Patient login

I just realized that adding Patient login is going to be a very complex change, because now both Practitioners and Patients can be logged in, and I’ll need to heavily differentiate between their experiences.

So, I’m canceling those two items on my list and moving on to the mailchimp changes.

D’oh

I thought there was a bug in Clearance, because I didn’t see the password change in the DB. Of course it wasn’t changing because I was setting it to the same thing every time. Ug. I spent some quality time with the Clearence code in the debugger though.

I’m calling it a night though, my neck is killing me.

For tomorrow:

  • patient registration
  • logged in patient appointment scheduling
  • super-simple mailchimp template
  • mailchimp setup for confirmation email

We have Clearance, Clarence

So, I’ve spent the last few hours mucking with the Clearance based authentication system I’m using. I’m trying to get it to reset passwords correctly. I haven’t gotten that working yet, but I have cleaned up a bunch of stuff related to new accounts and logging in, so it’s been worth it.

I’ve basically subclassed all the Clearance classes, mostly so that I can define a layout for the pages, but there are a few cases where I’ve overridden the functionality.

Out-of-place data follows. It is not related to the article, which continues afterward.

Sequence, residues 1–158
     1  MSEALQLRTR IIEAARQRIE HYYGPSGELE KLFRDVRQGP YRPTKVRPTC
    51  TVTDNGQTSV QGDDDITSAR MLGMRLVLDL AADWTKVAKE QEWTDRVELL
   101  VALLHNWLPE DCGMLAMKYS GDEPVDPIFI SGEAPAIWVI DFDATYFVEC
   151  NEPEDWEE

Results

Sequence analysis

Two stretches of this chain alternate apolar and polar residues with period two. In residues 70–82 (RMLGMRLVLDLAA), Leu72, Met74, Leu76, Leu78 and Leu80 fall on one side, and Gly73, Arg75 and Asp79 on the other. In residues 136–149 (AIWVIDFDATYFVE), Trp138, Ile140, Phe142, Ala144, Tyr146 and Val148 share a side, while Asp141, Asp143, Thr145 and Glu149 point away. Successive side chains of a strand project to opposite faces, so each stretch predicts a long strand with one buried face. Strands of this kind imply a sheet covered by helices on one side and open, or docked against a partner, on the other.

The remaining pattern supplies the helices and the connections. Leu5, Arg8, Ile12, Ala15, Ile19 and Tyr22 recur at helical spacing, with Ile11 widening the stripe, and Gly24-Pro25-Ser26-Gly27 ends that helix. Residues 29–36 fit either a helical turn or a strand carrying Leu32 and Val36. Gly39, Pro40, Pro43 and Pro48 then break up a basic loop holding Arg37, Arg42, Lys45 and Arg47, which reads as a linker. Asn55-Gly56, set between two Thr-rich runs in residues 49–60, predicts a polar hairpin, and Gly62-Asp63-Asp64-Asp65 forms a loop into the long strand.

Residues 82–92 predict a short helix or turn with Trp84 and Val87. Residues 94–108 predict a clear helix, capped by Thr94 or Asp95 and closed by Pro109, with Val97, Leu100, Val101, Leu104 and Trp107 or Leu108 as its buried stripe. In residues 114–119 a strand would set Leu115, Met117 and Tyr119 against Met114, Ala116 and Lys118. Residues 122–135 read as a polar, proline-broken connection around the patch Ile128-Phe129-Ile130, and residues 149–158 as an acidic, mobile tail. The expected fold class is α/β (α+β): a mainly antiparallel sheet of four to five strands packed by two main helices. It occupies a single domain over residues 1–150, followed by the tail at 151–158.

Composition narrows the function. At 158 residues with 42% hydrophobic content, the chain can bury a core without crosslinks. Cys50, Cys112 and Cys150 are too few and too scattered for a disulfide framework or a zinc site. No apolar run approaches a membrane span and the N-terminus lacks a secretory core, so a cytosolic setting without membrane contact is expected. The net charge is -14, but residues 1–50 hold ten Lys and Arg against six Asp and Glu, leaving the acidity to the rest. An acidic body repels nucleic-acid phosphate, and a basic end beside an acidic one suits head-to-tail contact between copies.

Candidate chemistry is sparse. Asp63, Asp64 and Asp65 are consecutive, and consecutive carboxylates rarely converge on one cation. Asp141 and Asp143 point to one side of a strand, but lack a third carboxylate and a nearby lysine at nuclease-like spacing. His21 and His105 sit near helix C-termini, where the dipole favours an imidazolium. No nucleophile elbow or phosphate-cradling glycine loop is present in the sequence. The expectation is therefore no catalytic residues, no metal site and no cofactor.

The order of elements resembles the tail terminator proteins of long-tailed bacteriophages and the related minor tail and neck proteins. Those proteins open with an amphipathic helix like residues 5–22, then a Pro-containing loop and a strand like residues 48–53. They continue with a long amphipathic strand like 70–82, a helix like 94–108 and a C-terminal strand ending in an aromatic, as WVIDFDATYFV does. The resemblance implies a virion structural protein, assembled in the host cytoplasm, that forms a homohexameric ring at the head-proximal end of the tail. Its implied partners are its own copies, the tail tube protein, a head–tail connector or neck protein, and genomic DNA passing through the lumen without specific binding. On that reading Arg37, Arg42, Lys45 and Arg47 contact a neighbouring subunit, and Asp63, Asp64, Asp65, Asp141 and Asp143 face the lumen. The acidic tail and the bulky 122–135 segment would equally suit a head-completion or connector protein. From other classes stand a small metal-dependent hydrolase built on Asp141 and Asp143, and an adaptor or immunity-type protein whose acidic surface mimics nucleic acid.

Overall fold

The trickiest part is figuring out all the routes. Clearance installs a bunch of routes, and they’re not always obvious. Fortunately there’s:

rake routes

To list everything that’s defined, even if it’s deep down in a gem.

The Clearance guys were nice enough to link to the relevant video on their readme page.

Public Calendars

Before I took a break to make some drinking chocolate and watch Mega-Shark vs. Giant Octopus (Starring Debbie Gibson), I got public calendars working. If you’re logged in, you see the full event details on the calendar, if you’re not logged in, you just see ‘unavailable’.

I also set up subdomain handling, so that if you go to, say, reiki-center.innerlighttools.com/calendar/2011/02, you’ll see the calendar for that practitioner. I’ll be using the subdomain stuff all over the place in the future. It was actually trivial to do once I read this turorial.

  • appointment model
  • appointment controller
  • appointment view for user, with basic CSS
  • expand user registration to handle business name
  • seed data for a few users/appointments/events
  • subdomain handling in dev
  • appointment view for anonymous patient
  • appointment list for next two days on Center page
  • patient registration
  • logged in patient appointment scheduling
  • super-simple mailchimp template
  • mailchimp setup for confirmation email

:has_one, :idiot

So, I just learned the following:

:has_one

Specifies a one-to-one association with another class. This method should only be used if the other class contains the foreign key.